China condemns UK lawmakers' visit to Taiwan as 'gross interference'
China has accused a committee of British lawmakers visiting Taiwan of "gross interference" in China's internal affairs and threatened a forceful response to anything that undermines Chinese interests.
The Chinese embassy in Britain issued a statement responding to the ongoing visit to Taiwan by the British parliament's Foreign Affairs committee, calling it a "flagrant violation" of the one-China principle.
"The Chinese side urges the UK side to abide by its commitment, stop any actions that violate the one-China principle, and stop interfering in China's internal affairs," the spokesperson said in a statement posted on Twitter.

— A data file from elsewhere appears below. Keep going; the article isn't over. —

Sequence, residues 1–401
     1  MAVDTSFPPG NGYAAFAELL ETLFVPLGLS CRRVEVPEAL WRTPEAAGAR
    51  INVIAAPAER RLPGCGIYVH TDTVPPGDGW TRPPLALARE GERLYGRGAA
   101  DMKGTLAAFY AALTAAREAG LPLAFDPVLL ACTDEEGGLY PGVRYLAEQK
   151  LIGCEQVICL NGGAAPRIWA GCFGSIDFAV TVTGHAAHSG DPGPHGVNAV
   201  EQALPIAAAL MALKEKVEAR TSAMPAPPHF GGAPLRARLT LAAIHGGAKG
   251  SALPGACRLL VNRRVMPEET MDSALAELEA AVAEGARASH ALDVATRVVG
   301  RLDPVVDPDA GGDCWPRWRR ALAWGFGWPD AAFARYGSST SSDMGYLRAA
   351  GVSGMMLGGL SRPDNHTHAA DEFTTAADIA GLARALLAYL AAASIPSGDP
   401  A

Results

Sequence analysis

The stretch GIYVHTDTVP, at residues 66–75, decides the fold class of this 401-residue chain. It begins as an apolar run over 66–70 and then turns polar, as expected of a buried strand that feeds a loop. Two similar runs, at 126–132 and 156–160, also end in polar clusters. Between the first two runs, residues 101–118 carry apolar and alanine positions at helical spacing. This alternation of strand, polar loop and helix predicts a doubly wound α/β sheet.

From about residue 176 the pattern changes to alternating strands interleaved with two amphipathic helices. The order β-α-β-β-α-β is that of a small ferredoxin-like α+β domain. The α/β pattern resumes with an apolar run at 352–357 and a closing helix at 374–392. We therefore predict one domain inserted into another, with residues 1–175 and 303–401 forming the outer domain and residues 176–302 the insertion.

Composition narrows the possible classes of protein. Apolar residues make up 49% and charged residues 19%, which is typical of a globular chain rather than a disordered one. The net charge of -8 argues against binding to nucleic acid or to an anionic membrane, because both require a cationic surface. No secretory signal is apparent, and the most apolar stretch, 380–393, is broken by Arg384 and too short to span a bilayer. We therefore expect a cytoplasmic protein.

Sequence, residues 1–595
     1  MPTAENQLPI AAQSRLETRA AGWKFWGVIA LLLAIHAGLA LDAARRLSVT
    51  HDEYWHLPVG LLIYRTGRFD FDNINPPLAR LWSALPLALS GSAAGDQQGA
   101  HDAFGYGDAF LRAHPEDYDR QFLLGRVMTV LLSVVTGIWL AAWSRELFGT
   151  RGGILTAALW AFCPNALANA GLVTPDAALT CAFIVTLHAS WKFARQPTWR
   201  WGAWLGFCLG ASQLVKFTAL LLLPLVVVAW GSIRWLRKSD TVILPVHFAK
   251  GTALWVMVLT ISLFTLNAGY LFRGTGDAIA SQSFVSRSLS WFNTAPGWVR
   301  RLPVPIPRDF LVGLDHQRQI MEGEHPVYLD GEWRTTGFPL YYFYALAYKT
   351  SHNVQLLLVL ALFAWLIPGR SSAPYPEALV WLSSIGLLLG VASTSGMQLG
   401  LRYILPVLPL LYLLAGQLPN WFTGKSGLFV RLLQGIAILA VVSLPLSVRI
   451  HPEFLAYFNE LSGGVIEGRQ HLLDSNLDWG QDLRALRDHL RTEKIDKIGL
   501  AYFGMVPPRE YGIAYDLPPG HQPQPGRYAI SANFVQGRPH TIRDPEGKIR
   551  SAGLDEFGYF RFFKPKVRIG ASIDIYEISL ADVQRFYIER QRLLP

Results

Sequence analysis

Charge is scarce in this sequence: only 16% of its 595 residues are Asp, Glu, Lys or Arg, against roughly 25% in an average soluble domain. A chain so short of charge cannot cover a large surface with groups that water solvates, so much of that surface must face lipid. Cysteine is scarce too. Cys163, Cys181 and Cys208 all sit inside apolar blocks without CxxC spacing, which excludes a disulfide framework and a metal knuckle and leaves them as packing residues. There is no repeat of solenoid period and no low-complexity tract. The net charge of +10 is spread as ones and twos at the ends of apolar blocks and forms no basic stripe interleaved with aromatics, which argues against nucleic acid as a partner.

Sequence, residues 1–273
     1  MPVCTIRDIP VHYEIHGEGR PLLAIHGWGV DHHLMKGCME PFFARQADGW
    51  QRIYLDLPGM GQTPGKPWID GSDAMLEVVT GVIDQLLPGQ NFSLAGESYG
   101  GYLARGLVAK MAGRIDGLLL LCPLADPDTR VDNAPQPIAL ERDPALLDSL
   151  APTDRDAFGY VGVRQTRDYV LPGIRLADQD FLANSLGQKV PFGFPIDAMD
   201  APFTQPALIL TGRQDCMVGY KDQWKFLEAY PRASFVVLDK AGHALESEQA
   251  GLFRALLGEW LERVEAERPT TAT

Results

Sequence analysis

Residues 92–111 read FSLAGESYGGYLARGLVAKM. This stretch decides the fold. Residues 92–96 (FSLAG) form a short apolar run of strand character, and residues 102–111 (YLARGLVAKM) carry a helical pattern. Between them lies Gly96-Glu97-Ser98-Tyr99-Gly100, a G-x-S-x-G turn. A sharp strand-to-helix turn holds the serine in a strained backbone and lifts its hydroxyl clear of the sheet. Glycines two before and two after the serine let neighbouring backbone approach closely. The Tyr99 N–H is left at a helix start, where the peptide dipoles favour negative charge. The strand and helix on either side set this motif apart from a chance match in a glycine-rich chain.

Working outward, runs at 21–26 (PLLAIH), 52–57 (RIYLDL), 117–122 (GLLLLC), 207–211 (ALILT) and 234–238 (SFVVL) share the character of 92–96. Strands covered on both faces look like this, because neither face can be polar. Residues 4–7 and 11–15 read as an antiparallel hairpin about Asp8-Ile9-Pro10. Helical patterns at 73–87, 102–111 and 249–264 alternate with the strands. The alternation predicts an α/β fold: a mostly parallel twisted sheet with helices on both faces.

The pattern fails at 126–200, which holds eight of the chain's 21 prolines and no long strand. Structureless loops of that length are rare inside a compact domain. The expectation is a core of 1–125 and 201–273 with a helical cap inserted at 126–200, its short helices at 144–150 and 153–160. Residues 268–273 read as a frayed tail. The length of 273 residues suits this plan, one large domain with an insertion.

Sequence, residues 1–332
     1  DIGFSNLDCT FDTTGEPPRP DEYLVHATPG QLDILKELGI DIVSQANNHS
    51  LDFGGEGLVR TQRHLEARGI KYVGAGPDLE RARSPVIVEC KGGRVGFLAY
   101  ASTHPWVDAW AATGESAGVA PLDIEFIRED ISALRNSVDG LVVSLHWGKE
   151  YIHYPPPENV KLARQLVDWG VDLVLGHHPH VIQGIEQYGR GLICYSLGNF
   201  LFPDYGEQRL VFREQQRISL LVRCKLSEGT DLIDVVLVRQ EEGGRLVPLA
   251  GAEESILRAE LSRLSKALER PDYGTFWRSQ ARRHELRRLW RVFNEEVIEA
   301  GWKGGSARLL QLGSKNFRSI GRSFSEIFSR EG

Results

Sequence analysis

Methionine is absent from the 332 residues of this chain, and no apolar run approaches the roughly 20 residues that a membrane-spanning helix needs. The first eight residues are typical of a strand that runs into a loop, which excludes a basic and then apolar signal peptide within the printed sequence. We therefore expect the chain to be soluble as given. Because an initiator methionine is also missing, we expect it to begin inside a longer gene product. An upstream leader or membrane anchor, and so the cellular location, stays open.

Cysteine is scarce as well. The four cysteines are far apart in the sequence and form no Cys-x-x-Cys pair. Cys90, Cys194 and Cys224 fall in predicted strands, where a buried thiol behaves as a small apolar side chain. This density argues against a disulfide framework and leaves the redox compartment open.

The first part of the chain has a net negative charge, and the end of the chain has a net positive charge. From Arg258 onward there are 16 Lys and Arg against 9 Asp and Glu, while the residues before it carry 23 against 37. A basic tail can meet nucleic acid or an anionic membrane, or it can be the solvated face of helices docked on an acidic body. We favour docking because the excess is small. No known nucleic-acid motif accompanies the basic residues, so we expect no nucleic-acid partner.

"Moves of the UK side that undermine China's interests will be met with forceful responses from the Chinese side."
The spokesperson said the visit sent the wrong signal to those who want Taiwan to be independent.
The UK committee met with Taiwanese executive head Su Tseng-chang on Thursday and is due to see leader Tsai Ing-Wen on Friday.
The visiting committee is a parliamentary body, separate from government and made up of elected lawmakers (MPs) from a range of parties. It scrutinises government policy but does not have statutory powers.
Britain's diplomatic relations with China have been in decline for several years, embroiled in rows over human rights, economic policy and Beijing's approach to former British colony Hong Kong.
In March 2021, China imposed sanctions on nine Britons, including elected lawmakers, for spreading what it said were "lies and disinformation" about alleged human rights abuses in Xinjiang.
The British government did not comment on the embassy statement.